The most successful businesses don’t recruit leaders, they grow their own.
But how do you grow leaders?
The key — according to Morgan McCall — is a special breed of senior executive who actively seeks out and grooms new talent.
Not all talented executives do this, noted the USC professor of management and organization at the USC Marshall School of Business. But those who do are a treasure to their organizations. Studies show the single most important factor in sustained corporate excellence is the quality of leadership talent nurtured and developed internally. And executives promoted from within — including CEOs — have a much higher success rate than outsiders.
What makes a great talent developer
A sought-after expert on the development of executive talent, McCall co-edited a book on the topic scheduled for release in 2014. His own chapter, co-authored
with Jeff McHenry of Seattle-based Rainier Leadership Solutions, identifies the actions that make certain senior executives great at developing new leadership talent:
- Many give protégés the chance to grow.
- Some relish being a role model.
- Many connect protégés with other mentors and senior management.
- Some offer career guidance.
- Some correct a protégé’s flaws or build up specific skills.
- Many set high standards and hold protégés accountable.
Great talent developers typically do one or two of these things but not all six, McCall and McHenry found.
The researchers interviewed 50 “great talent developers” as well as 50 talented managers they had groomed. All of them work at major companies such as Microsoft and Procter & Gamble. McCall and McHenry observed that great talent developers have a few things in common. Developing leaders has long been a priority for them, and they regard mentoring as paying forward a debt. They also don’t micromanage. Instead, they give protégés leeway to take risks and make mistakes, learning through trial and error.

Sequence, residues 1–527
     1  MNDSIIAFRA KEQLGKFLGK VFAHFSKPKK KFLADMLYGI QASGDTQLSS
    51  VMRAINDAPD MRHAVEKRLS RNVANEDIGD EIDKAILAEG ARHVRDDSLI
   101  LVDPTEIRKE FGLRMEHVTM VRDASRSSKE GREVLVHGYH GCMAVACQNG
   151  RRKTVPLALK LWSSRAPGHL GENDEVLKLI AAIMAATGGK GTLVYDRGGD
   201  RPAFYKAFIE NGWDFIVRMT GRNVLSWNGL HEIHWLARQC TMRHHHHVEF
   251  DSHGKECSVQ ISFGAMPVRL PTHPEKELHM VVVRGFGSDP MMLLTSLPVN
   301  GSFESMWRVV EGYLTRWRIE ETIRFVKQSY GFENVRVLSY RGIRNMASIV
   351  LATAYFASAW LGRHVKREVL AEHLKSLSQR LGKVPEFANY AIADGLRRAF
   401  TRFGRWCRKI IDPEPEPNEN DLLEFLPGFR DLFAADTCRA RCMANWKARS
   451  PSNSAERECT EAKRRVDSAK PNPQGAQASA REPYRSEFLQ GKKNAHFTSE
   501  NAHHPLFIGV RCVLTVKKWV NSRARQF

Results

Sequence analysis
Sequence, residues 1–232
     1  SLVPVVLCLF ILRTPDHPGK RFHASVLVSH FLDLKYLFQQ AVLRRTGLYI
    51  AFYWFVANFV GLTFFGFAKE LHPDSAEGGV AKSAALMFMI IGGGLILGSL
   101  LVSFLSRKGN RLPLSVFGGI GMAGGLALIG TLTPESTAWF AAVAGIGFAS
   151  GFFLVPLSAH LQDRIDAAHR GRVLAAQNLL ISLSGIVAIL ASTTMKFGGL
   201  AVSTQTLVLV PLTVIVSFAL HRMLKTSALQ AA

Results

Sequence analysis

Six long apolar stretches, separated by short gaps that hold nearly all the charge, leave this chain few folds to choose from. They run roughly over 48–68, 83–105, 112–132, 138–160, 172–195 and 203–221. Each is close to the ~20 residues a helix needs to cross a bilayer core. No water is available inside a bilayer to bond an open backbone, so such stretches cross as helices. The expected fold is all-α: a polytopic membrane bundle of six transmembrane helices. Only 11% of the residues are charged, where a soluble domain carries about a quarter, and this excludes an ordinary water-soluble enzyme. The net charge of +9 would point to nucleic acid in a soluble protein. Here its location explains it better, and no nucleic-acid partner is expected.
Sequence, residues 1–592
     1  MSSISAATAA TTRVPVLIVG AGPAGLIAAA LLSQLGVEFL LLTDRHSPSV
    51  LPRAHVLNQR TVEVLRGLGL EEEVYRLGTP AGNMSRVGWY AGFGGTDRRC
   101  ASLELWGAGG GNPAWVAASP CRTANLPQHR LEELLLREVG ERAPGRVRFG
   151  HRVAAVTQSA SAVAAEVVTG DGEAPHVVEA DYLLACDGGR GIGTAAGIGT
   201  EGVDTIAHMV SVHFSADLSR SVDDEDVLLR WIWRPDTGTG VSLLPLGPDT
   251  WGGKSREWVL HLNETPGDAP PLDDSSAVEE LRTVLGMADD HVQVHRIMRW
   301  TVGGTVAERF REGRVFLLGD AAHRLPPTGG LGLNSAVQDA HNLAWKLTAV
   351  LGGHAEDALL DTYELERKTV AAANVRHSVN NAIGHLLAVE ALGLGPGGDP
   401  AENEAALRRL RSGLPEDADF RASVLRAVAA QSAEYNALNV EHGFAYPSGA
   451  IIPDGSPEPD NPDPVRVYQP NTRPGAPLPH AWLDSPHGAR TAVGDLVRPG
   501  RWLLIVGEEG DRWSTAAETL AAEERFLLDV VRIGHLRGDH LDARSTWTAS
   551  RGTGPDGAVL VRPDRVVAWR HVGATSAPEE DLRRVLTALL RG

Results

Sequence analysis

How to encourage talent developers
The authors have tips for companies that want to identify great talent developers and support them. Here are a few:
- Watch for telltale signs among junior executives. Many great talent developers in the study shared a passion for grooming leaders since their youth or discovered early on that doing so was essential to their own success.
- You can’t incentivize executives to become great talent developers. A bigger bonus or a promotion isn’t what drives them. Instead, look for execs who have a passion for mentoring and enable them to act on this passion.
- Don’t train all executives in a single step-by-step approach to grooming leaders. There are too many different styles. Instead, encourage each to find his or her inner “development voice.”
- Don’t expect human resources programs and processes to yield talent developers. Such programs can make average managers better, but they won’t grow outstanding talent developers.
Morgan McCall is the author of respected leadership books such as High Flyers (1998). The forthcoming book, Using Experience to Develop Leadership Talent (Jossey-Bass), is co-edited by Cindy McCauley, a senior fellow with the multinational Center for Creative Leadership.